Home on a slope; floors to match

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Home on a slope; floors to match

The house has almost no internal walls or doors and few level floors – most are ramps that traverse the interior. Its finishes are equally quirky: The interior is bright green, while the boxy exterior is covered entirely in pink polyurethane, a combination that is particularly conspicuous in the countryside here, about 26 miles southwest of Prague, where most homes have traditional pitched roofs and stucco cladding.

It’s not surprising that local architecture critics have dubbed this 1,300-square-foot structure “the marshmallow house.” But Michal Cillik, the 42-year-old psychiatrist who built it and lives there with his second wife, Kristyna, 31, and their children, Hermina, 4, and Vaclav, 5 months, maintains that he didn’t set out to create an eccentric home.

All he wanted, he said, was “an ultra-modern house” with a movie room. In 1999, Cillik bought the quarter-acre hillside plot for 100,000 koruna (about $5,300 today). He hired Sepka Architects to design the house after seeing the firm’s work at an exhibition in Prague and admiring the “clear, clean lines and large windows.”

The architects first proposed a more conventional two-storey structure with a single sloped floor – because “movies are best viewed on a slope, like in the theater,” Cillik said – but it was over his budget.So the architects had to be creative, said Jan Sepka, who designed the house with his partners, Petr Hajek and Tomas Hradecny. “With a small budget, we had to make the house compact,” Sepka said.

That meant leaving the interior open and using more than one ramp, so they could lower the ceilings and make the overall structure smaller.

With a smaller house, there was less building material to buy, and costs were reduced. (The final budget was 5.6 million koruna, or about $300,000 today.) “A spiral with slopes was one conceptual solution,” Sepka said. “That adventurous house wouldn’t work for everybody, but Cillik was enthusiastic about it from the very beginning and pushed us forward.”

The house was designed in 2000, when Cillik was married to his first wife.  But there was a lengthy wait for the building permit and a lawsuit by a neighbour (which was later dropped) – both related to the unusual design. So it wasn’t until 2009 that construction was finished. By that time, Cillik had divorced and remarried.He named the house Villa Hermina, after his daughter with his second wife.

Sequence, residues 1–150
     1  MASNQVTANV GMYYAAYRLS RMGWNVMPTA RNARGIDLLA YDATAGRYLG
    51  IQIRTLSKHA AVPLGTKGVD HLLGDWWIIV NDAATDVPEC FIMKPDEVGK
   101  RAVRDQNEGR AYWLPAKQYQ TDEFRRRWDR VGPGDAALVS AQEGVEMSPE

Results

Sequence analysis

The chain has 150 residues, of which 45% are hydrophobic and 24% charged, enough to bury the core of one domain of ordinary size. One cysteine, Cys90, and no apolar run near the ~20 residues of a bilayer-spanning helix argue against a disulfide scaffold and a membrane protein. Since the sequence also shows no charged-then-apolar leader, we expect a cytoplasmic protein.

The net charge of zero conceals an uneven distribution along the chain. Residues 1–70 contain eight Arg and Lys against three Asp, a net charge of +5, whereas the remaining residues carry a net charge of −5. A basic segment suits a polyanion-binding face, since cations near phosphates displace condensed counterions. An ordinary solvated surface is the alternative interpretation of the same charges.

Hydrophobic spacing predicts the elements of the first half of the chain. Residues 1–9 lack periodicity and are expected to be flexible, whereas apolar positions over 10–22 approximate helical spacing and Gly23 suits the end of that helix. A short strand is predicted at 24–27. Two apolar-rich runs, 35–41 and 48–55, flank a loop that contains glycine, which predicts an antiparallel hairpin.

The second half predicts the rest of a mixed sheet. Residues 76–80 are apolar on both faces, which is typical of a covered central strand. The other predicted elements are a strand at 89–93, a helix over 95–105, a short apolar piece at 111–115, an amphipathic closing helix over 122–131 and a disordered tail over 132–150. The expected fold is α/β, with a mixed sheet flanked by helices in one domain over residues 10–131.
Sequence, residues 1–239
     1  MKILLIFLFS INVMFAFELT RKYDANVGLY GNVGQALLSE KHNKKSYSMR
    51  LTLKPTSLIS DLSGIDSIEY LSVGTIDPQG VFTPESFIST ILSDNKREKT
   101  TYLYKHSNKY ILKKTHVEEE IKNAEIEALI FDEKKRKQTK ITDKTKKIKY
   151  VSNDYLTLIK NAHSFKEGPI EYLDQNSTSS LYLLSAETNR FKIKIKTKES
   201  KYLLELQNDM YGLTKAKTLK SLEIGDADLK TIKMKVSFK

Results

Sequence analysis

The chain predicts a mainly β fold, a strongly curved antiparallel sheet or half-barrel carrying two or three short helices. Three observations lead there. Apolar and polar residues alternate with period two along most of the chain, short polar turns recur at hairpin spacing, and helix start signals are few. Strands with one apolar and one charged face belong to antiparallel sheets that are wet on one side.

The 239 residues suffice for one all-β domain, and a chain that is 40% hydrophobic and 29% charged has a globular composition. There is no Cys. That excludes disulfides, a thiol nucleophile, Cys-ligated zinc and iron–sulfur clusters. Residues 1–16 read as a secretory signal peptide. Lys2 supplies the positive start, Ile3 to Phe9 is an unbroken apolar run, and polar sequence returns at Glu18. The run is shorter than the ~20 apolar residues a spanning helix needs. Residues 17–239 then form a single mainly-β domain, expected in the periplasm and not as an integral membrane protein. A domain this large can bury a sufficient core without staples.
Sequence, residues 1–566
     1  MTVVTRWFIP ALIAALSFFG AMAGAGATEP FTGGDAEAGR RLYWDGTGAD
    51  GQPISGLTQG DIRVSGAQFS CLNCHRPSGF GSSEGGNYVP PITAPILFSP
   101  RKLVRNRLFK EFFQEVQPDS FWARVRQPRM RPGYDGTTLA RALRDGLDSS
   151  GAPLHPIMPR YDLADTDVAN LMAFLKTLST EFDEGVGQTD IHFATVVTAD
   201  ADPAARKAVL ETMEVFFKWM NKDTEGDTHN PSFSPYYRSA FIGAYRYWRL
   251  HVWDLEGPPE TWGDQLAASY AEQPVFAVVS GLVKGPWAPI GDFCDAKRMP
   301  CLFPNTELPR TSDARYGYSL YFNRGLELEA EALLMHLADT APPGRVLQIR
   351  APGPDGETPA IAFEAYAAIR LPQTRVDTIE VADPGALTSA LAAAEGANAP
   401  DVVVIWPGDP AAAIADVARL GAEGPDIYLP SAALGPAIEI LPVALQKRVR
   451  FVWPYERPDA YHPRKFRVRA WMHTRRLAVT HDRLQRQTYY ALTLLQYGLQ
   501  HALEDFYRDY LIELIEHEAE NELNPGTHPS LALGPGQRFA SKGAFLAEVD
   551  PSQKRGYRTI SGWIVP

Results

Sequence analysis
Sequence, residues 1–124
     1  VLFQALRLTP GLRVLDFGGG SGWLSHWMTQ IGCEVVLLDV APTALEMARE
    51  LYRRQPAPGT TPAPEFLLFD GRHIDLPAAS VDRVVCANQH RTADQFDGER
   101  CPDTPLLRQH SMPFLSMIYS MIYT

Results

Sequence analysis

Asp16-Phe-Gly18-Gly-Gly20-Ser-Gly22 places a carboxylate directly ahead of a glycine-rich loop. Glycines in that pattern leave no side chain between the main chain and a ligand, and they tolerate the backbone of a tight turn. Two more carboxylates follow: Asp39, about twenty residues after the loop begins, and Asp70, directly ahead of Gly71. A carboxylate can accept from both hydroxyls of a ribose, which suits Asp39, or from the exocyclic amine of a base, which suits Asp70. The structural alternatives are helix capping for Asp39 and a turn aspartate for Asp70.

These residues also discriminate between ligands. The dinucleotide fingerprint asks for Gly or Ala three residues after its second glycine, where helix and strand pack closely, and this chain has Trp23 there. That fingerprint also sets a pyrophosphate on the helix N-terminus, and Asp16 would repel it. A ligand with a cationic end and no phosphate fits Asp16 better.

“Many people find the house strange,” he said. “But I got what I wanted.”  The sloped floors are covered with artificial turf to prevent slipping – of particular concern with a new baby.

Cillik, a specialist in behavioral therapy, has a philosophical attitude about raising a toddler in the house: “His first steps will be there, and if he has an accident it will be a small accident, which could be more useful than harmful because he will learn his physical limits.”

Expressing the ‘inner child’

He added: “The message of our house is ‘all of us are children.’ It is an expression of our inner child. And real kids love it, too. When Hermina’s friends come to play, they feel they are at a gym or playground, not a house.”

He seems equally unconcerned about the challenges of aging here.“I have seen old women in Ecuador walk up mountains to get to their homes without a problem,” he said. “So I don’t think we will have a problem, either.” Privacy is another issue, as only the three bathrooms and the basement storage room have doors, but as his wife, a medical journalist, pointed out, “We have something even more valuable: great use of space.” 

The pink exterior was a concession to budget – the planned metallic cladding had to be replaced with cheaper polyurethane that comes in a limited range of colours – but that doesn’t seem to trouble her, either.

“Pink is my favourite colour,” she said. “It shows happiness.” Some neighbours might not agree. They sometimes scowl at the house, but Cillik laughs it off. Villa Hermina, he said, is his life’s achievement – not in spite of the attention, but because of it.

“A lot of men want to be president or a great sportsman, but I am too old to have these ideas,” he said. “Yet by creating this house, which provokes so many emotions, I feel like the president and a gold medalist in the Olympic Games all at once.”

A HOUSE ON THE HILL

* The architects first proposed a more conventional two-storey structure with a single sloped floor – because “movies are best viewed on a slope, like in the theatre,” Cillik said – but it was over his budget.

* The interior was left open and using more than one ramp, so they could lower the ceilings and make the overall structure smaller.

* The pink exterior was a concession to budget – the planned metallic cladding had to be replaced with cheaper polyurethane that comes in a limited range of colours.

* The interior is bright green, while the boxy exterior is covered entirely in pink polyurethane, a combination that is particularly conspicuous in the countryside here.

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